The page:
ISP of the Month: Chief Se’khu of RedFi Broadband 

RedFi Broadband

“My tribe’s need for internet when Covid dropped is why RedFi exists to this day,” says Chief Se’khu Hadjo Gentle. Chief Se’khu, 48, founded RedFi Broadband in 2020 to ensure that his tribe, the Yamassee people in Allendale, South Carolina, could access telehealth services.  

Chief of the Yamassee Indian Tribe

Chief Se’khu has held many titles, including director, writer, cinematographer, WISP Owner, historian, and even firefighter. In fact, he was on-call at his reservation’s fire station during his interview with the Vilo team. 

“I’m always trying to give my time to the community as much as possible,” he said over Zoom. “So if the tones drop, which is them telling us there’s a 911 call, I may have to do the interview en route” he laughed. 

Of all of his titles, it’s clear that “Chief” is the most important to him. After dispelling Hollywood’s portrayal of chiefs, Chief Se’khu explained, “Chiefs, true chiefs, are not leaders at all; they’re actually servants. So I’m the servant first of my people. I’m the voice of my people.”  

His people, the Yamassee Indian Tribe, was thought to be extinct. According to the Chief, historians and genealogists recently investigated their ancestry and found that the Yamassee people had merely been renamed and reclassified as the “Seminole” people.  

“My jurisdiction as Chief is wherever my people are,” he added. Most of the Yamassees reside in Florida, Georgia, and South Carolina.  

RedFi Broadband and reliable internet during Covid

RedFi Broadband was founded on Chief Se’khu’s devotion to his people. In 2020, when the Covid pandemic reached South Carolina and the elders of his tribe were unable to go to the doctors and the children couldn’t attend school, Chief Se’khu knew he had to take action. 

“That put me in a position where my leadership skills had to kick in,” he recalls. “I can’t wait and depend on a government agency or someone else to do it for us. That’s never how we have been as native people.” 

Before starting RedFi Broadband, Chief Se’khu ran a telecommunications store front for his tribe. Though he knew how to run cable and follow instructions to set up another company’s equipment, he knew very little about running his own internet services. And with the added internet demands during Covid, the service they had at the time “was not cutting it.” 

Chief Se’khu recalls studying YouTube videos to learn how to set up his own WISP. With the help of his mother and wife, RedFi Broadband was successfully providing internet to eight customers by the end of their first year. Today, RedFi has nine part-time employees, most of whom are the Chief’s fellow firefighters, and provides internet access to over 300 customers covering roughly 10-square miles.  

RedFi provides internet at no expense to a large portion of its customers, as Allendale is an impoverished area with nearly a 40% poverty rate according to the latest Census data. “So a lot of people here can’t necessarily afford internet, especially the elders,” Chief Se’khu explains.  

RedFi and the WISP community

Chief Se’khu attributes a lot of RedFi’s growth to knowledge and confidence he gained from being in the WISP community. “I have seen the smartest people in the WISP industry that I have ever seen in my life. The WISP community and smaller ISPs do things that larger ISPs can’t even fathom—with all of the creative ideas to get the job done.” 

It hasn’t been smooth sailing for RedFi Broadband, though. In April 2022, an EF-3 tornado tore through Allendale, damaging several properties and destroying a large portion of RedFi’s equipment in the process. Chief Se’khu remains grateful to the members of the WISP community who came to his peoples’ aid shortly thereafter.  

“People in the WISP community started giving us equipment, and no one asked for any money.” he began. “And Vilo came in and donated as many [routers] as we needed. They donated whatever we asked for. That is important at the end of the day, because if you’re going to do business with a company, do business with a company that cares.”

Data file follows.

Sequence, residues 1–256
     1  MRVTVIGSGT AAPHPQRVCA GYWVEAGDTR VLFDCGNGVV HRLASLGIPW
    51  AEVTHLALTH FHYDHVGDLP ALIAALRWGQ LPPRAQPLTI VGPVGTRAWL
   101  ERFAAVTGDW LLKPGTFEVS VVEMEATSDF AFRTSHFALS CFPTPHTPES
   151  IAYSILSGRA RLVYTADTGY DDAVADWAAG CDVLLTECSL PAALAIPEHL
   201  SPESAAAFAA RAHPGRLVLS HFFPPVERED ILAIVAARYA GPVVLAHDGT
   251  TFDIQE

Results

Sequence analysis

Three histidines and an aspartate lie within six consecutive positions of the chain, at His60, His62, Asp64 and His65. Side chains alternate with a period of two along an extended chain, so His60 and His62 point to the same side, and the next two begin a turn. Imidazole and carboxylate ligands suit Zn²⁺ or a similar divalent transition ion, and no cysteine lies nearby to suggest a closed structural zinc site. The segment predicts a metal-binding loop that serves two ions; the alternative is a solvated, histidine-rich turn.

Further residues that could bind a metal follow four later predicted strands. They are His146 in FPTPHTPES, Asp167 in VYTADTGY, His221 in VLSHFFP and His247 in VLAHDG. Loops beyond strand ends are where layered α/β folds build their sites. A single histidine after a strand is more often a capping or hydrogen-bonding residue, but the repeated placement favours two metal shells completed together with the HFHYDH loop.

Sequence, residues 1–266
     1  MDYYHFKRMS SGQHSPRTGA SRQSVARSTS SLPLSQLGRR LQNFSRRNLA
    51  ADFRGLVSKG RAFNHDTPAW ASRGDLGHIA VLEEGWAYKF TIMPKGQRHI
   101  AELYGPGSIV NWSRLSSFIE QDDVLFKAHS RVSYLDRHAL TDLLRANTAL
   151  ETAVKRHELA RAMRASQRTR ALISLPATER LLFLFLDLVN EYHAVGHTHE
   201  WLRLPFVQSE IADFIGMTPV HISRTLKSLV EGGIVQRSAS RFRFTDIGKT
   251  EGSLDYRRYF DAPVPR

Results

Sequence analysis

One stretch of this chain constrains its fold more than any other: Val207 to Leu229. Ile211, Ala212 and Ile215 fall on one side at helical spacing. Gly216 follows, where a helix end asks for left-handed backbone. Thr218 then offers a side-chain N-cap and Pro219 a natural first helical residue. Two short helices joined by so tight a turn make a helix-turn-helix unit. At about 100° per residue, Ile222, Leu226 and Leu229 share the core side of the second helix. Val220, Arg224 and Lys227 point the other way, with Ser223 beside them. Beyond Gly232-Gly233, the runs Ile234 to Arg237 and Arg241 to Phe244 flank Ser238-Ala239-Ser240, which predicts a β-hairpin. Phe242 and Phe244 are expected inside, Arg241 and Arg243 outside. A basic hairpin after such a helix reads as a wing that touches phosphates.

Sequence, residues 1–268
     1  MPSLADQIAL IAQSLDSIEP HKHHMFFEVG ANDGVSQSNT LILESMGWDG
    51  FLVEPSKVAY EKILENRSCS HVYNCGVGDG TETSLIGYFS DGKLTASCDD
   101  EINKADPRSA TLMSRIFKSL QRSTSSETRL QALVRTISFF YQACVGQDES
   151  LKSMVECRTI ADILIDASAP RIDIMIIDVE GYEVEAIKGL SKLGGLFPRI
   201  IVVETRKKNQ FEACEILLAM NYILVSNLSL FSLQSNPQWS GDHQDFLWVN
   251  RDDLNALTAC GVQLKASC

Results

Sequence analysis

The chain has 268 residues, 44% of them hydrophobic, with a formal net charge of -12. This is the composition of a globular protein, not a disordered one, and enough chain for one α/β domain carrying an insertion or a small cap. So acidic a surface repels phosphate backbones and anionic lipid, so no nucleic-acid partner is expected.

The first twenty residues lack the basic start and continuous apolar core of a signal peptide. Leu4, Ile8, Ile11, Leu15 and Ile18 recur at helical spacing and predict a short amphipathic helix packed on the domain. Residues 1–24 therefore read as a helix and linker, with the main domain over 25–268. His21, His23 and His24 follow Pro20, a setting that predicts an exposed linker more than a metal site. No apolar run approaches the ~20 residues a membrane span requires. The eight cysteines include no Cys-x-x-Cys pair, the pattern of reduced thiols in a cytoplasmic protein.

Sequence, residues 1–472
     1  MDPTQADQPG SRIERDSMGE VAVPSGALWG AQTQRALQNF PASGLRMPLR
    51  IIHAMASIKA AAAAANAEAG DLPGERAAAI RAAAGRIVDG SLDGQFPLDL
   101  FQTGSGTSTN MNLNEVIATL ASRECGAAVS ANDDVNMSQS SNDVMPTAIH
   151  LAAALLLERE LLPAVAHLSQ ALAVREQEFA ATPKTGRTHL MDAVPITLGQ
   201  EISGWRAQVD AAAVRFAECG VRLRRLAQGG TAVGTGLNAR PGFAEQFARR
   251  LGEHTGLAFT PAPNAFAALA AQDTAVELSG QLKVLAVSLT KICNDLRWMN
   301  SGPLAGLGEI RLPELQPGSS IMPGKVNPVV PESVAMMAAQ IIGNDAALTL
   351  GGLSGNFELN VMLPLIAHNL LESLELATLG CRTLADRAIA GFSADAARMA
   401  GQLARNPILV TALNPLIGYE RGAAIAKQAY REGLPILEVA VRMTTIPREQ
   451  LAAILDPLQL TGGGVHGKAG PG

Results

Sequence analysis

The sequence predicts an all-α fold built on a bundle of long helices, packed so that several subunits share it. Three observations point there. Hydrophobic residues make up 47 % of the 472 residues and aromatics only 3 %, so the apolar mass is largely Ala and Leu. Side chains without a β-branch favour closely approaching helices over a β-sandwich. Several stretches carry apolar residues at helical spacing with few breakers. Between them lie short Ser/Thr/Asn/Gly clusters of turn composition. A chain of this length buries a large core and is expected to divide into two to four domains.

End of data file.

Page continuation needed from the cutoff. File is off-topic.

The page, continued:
Chief Se’khu’s experience with Vilo

Chief Se’khu first discovered Vilo when a friend introduced him to our affordable routers. “When you’re in an impoverished area like we are here, I can’t go to these people and say, ‘Hey, here’s a $400 mesh system that you need to have to make sure your house is covered,” he said. 

When his first 3-pack of Vilos arrived, he was using a Linksys router at the time that was connected to RedFi’s fiber head-in near his office. “With the Linksys router, I was probably getting about 120 Mbps down, and I thought that was great at the time. When I installed the Vilo router, I instantly jumped to 400 Mbps. And I’m like, ‘Okay, hold-up, what is this?’ And so it sparked my interest.” 

From that sparked interest, Chief Se’khu became one of Vilo’s earliest beta testers and loved how all the ideas he suggested to Vilo’s cofounders were not only welcomed, but often implemented. “No other company is working with the WISP community the way Vilo is,” he said. “I’ve watched Vilo actively shift and change based on the advice of their customers—people like me, and that says wonders. It says they’re in it for the long-game.” 

In the early days of RedFi, the Chief ran into challenges such as a lack of visibility into his customers’ networks and the ability to remotely manage them. “We were installing routers that we had no control over, and had no insights on, so Vilo helped us with that hurdle because now we’re able to monitor our customers’ networks—we’re able to manage their experiences through the ISP portal.” 

Chief Se’khu also noted how invaluable analytic insights are for an ISP. “Being able to go into the customer’s accounts, having the numbers and the information, which is what Vilo offers, plays such a large role in making business decisions,” he explained.  

The future of RedFi and the Chief’s advice

RedFi also provides security cameras and alarm system services. Moving forward, Chief Se’khu plans on expanding RedFi’s reach into more rural areas and to be “a one-stop shop for anything that connects to the internet.”  

His intention to expand, again, is motivated by his commitment to his people. As Allendale is an hour and a half away from the nearest large city, providing every internet-related service possible alleviates the high costs of having technicians commute all that way. 

With gratitude for all he has learned from his fellow WISP owners, Chief Se’khu offered this piece of advice in return: “Don’t rush. Take your time and think outside the box.”  

When he began researching what it took to start a WISP, Chief Se’khu believed that heighth was key; that he needed a 120 ft. tower. “That wasn’t the case,” he said, “I’m able to get to whatever location I need using micropops; I’m on the ground, I’m only 20 ft. in the air. So don’t rush, take your time, plan it out so you can do it right the first time and not have to do it over again.”